News in Brief
EL JEBEL ” There will be a public hearing Wednesday, Sept. 12, to discuss a proposed midvalley recreation center.
The meeting will take place at 6 p.m. at the Eagle County building in El Jebel. The audience will get a chance to comment on what the center should include.
“Now we’re getting to the nitty gritty,” said Bill Reynolds, director of the Midvalley Metropolitan District, which has led the planning effort.
Although the district’s primary focus is providing water and sewer service, it also has the ability to address recreation issues. It hired a consultant last year to help with planning of a recreation center. A survey earlier this year showed significant interest in pursuing the idea among midvalley residents.
The district has been working with the Crown Mountain Park and Recreation District to explore the idea.
Reynolds said representatives from the town of Gypsum will attend Wednesday to discuss how that community managed to build a state-of-the-art rec center last year.
Two sites are being considered for the midvalley facility. One is the grounds of Crown Mountain Park in El Jebel. The other is Midvalley Metro property near Blue Lake.
Proponents will have to seek voter approval for funding for a facility.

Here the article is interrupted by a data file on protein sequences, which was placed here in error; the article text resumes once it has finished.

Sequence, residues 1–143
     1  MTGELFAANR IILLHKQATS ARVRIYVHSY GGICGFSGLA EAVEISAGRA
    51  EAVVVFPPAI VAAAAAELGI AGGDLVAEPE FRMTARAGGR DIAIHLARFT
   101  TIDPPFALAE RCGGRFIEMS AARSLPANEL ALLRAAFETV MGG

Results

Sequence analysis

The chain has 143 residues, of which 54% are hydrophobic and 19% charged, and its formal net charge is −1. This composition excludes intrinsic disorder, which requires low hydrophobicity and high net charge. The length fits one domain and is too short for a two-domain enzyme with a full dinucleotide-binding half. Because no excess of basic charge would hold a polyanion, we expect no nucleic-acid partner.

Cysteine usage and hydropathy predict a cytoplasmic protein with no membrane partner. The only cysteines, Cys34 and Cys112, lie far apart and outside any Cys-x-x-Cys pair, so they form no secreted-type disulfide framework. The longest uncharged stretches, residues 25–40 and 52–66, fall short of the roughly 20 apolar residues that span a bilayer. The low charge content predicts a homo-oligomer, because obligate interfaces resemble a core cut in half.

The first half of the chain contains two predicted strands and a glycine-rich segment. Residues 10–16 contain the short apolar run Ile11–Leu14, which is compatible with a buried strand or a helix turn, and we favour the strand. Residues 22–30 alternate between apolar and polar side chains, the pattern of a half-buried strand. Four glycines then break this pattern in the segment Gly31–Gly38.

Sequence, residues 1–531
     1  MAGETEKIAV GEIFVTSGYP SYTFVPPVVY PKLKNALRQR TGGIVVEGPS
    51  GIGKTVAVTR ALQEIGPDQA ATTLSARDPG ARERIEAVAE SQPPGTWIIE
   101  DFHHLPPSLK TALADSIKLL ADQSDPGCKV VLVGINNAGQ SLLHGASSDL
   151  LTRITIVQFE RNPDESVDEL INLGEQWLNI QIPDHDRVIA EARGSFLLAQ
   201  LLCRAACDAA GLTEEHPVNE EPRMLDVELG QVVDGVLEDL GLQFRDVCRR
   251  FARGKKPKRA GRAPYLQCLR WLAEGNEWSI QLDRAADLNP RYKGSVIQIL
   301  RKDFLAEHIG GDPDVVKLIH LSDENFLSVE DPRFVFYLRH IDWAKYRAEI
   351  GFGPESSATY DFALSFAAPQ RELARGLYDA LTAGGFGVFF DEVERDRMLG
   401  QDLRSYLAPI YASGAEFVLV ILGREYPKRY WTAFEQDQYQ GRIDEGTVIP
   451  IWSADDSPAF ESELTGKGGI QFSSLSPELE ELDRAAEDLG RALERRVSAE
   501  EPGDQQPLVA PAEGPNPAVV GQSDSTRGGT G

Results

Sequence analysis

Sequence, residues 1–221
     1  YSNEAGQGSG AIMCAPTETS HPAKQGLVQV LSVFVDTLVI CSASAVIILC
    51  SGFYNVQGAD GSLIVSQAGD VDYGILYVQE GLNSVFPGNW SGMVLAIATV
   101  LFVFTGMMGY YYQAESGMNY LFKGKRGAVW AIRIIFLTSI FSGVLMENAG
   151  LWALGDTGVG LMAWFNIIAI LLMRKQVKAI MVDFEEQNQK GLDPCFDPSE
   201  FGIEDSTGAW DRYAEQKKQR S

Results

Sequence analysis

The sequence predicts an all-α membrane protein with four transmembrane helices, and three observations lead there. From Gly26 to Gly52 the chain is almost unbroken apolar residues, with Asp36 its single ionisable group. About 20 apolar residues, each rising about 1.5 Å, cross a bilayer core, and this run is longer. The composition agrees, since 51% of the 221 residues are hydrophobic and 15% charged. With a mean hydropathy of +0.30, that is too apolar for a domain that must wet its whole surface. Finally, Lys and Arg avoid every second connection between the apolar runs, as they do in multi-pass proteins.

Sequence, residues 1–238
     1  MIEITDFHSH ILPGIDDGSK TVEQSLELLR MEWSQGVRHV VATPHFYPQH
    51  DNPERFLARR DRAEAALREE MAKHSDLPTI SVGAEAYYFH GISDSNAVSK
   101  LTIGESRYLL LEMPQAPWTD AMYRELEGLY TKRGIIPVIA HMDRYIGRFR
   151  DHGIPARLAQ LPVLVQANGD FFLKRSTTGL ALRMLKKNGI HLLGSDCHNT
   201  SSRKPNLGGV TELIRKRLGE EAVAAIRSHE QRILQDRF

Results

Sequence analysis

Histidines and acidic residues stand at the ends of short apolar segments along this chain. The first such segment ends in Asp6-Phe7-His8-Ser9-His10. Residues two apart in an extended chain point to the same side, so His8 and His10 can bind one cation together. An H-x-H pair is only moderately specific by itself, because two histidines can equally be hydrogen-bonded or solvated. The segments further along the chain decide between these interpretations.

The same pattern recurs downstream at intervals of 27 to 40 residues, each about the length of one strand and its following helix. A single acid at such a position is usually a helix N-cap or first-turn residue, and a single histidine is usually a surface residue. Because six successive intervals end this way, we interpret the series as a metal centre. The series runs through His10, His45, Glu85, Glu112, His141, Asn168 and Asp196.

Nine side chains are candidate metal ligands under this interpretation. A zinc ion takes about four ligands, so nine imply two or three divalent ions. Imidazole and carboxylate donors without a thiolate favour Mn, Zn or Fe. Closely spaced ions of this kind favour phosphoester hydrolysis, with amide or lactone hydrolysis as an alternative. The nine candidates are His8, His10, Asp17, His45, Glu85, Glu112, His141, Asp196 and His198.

ASPEN ” Local residents have a chance to get their dogs and cats spayed or neutered for free during September.
A nonprofit organization called Friends of the Aspen Animal Shelter will cover the cost of the surgeries for the first 200 pet owners they hear from this month, according to Seth Sachson, a member of the nonprofit’s board of directors.
Dog and cat owners simply have to show up at the Aspen Animal Shelter and fill out a “nonintrusive” form, according to Bland Nesbit, another director. Owners will receive a certificate that covers the cost of the procedure at Aspen Animal Hospital. Appointments for the surgery must be made in advance.
Sachson said the nonprofit helped get the dog shelter built a few years ago and now it is promoting other animal-welfare issues. It launched the spay-and-neuter program to battle pet overpopulation. Sachson said research also indicates pets are less susceptible to some forms of cancer after getting spayed or neutered.
Health aside, it can also make life much more pleasant for some pet owners. “A neutered male dog is so much easier to deal with,” Sachson said.
The nonprofit has an ongoing program that offers financial assistance for spaying and neutering pets. So people who miss out on the freebies can still get help, Nesbit noted. The key is, they don’t want finances to prevent pet owners from getting their animals fixed, she said. This is one way the nonprofit uses donations it receives.
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For some West Glenwood residents, the 480 Donegan project looms over the area as both an affront to the process of public engagement and a potential threat to their lives.